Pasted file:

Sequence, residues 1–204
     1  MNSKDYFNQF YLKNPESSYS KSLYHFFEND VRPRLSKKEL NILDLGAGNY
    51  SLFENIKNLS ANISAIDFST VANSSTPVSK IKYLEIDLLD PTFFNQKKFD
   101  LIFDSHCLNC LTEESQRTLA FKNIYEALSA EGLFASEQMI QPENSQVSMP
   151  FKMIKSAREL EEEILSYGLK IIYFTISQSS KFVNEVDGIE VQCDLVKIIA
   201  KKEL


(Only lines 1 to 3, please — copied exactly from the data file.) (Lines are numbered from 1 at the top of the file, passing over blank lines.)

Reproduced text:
Sequence, residues 1–204
     1  MNSKDYFNQF YLKNPESSYS KSLYHFFEND VRPRLSKKEL NILDLGAGNY
    51  SLFENIKNLS ANISAIDFST VANSSTPVSK IKYLEIDLLD PTFFNQKKFD